CME: Pork Bellies the Bright Spot This Summer

US - Where would the hog market be without bellies this summer? To use an old colloquialism, “Hurting for certain!“ Bellies have been the bright spot among wholesale pork cuts this summer as prices have DOUBLED since mid-May and gained $10/cwt just last week, write Steve Meyer and Len Steiner.
calendar icon 10 August 2015
clock icon 4 minute read

While fresh belly production has been higher than last year in the same proportion as pork output (+11.7 per cent the past four weeks and +8 per cent year-to-date), this surge of belly prices is being driven by an apparent resurgence of demand as well as the culmination of two years of wild gyrations in frozen belly inventories.

Those inventories got unusually tight back in 2013, pushing belly prices to then-record levels. Belly users apparently vowed to never let that happen again and carried VERY large belly stocks in to 2014.

In fact, monthly belly inventories were the highest of the last 5 years for each respective month from January through October 2014. Those stocks blunted to some degree the impact of PEDv on belly prices last year.

Even though they did set new records in early April, the run-up for bellies prices was much less dramatic than were those of other cuts, especially hams.

That experience seemed to convince the holders of belly inventories to vow to never again have that many in hand and so stocks have been maintained at a more normal — though significantly higher than in 2013 — level this year.

June 30 stocks of 44.47 million pounds were 47 per cent lower than one year earlier but only 14 per cent lower than the 5-year average. So stocks have been tight but not ridiculously so. We think the big issue in this summer’s strength is simply the return of bellies and bacon to more normal prices and the stimulative impact that has had on consumer purchases.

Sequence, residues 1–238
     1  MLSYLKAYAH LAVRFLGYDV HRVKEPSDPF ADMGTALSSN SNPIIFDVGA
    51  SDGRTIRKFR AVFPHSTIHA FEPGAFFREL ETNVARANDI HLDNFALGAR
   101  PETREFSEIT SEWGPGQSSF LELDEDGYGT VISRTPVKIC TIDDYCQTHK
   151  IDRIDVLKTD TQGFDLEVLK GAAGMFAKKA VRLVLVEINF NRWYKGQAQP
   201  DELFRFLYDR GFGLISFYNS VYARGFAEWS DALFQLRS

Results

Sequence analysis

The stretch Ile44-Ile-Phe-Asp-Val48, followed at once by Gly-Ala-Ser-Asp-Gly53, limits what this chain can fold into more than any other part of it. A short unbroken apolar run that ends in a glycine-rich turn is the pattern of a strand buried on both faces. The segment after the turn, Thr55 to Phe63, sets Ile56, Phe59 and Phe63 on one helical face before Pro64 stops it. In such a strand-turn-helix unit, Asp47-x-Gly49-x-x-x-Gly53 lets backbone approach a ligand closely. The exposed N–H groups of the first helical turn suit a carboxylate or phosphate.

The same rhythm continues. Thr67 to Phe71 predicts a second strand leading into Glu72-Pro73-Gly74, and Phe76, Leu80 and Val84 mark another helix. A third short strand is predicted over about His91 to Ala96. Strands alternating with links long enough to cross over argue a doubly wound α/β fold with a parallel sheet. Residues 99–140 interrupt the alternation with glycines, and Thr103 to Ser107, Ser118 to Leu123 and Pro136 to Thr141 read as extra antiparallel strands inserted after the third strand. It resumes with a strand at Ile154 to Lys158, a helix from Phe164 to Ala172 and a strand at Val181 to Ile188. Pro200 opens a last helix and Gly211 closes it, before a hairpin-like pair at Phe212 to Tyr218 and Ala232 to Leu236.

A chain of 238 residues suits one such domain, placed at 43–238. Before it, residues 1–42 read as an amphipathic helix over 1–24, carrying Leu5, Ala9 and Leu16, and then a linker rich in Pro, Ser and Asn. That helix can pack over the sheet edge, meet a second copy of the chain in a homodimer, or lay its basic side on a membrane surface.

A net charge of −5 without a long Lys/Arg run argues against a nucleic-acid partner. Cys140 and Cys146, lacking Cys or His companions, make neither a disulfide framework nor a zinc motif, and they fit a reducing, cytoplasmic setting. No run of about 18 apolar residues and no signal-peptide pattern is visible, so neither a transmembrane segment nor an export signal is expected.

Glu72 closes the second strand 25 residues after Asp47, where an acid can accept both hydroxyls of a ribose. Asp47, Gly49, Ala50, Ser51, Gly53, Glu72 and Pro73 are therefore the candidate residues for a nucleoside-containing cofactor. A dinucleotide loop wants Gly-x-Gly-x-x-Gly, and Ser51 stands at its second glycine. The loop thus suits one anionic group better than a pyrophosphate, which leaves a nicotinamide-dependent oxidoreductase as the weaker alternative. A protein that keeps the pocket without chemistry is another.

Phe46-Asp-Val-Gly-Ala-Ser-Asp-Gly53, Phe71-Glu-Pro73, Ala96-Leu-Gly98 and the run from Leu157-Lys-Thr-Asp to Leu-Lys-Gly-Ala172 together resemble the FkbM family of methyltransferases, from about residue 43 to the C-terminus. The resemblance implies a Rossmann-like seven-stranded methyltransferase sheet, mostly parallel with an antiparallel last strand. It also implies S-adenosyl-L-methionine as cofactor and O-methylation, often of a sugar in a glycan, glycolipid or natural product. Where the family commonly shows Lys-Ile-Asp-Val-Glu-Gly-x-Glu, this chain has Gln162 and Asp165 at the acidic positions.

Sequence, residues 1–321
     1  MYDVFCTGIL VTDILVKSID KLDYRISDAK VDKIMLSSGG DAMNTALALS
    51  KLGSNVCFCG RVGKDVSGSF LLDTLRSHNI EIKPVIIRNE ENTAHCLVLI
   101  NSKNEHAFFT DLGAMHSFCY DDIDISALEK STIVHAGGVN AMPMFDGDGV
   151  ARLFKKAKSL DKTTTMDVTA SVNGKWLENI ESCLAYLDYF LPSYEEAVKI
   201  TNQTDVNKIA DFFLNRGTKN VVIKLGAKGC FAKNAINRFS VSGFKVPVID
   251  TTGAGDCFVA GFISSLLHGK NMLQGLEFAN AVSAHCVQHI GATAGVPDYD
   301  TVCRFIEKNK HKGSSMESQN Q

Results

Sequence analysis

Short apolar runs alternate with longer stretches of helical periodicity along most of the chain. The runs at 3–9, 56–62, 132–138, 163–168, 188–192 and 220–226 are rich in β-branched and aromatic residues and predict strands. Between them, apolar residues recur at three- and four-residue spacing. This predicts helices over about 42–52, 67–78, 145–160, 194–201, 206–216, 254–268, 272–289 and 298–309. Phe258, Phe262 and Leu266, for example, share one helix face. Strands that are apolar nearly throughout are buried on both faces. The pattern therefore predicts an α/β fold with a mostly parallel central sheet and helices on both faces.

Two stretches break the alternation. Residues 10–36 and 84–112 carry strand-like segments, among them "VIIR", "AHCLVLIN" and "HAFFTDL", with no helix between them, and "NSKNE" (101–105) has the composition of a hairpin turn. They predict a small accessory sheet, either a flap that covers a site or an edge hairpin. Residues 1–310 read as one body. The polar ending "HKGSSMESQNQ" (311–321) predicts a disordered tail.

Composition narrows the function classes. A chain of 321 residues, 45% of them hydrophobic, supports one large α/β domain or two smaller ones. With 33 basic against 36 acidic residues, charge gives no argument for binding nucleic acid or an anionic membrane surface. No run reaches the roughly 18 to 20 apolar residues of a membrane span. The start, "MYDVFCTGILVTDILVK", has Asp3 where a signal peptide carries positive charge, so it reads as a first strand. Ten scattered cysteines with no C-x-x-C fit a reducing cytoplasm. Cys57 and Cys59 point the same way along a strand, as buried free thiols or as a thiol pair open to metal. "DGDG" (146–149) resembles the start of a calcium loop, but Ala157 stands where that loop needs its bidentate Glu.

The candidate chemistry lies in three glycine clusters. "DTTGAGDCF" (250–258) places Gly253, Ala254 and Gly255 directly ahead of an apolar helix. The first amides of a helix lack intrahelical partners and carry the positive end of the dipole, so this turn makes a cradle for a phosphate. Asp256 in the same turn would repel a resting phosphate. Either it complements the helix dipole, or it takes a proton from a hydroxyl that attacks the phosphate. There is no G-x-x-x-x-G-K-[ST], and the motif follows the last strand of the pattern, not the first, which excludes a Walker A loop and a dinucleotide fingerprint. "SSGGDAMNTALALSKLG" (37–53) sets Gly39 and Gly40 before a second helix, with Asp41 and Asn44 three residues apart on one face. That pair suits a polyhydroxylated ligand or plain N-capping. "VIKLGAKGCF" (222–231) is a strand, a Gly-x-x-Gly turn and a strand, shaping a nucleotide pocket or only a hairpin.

Those high belly prices in 2013 and 2014 had to be passed along to end users and, last we checked, demand curves still slope downward.

Higher prices meant less quantity demanded. That reduction in usage contributed to last year’s inventories and pushed prices sharply lower with USDA’s belly primal composite hitting $63.85 in early April — less than one-third its value one year ago.

But the good news is that demand curves slope downward and bacon is now again a feature item with attractive pricing and, still, tastes better than about anything one can put on a plate. Quality brands of bacon have been on sale in central Iowa at two one-pound packages for $5 in recent weeks and the product movement and tighter freezer supplies have processors once again chasing bellies.

As can be seen at right, the impact has been huge with the gain in the belly composite primal value contributing roughly $15 per head more last week than at the end of April (top chart). And it is easy to see the cut that is still dropping the value ball relative to last year: Hams! They are worth only about $15 per head now where they were contributing almost $30 per head last summer and fall.

As of last week, the belly primal was accounting for 28 per cent of the total cutout value on just 15.84 per cent of the total carcass (table). That is the highest share of any cut for the first time since August 2013.

The share contribution of butts, though down in recent months due to export challenges, has been buoyed in recent years by the emergence of pulled pork as a popular food trend. Can we make “pulled ham”?

© 2000 - 2022 - Global Ag Media. All Rights Reserved | No part of this site may be reproduced without permission.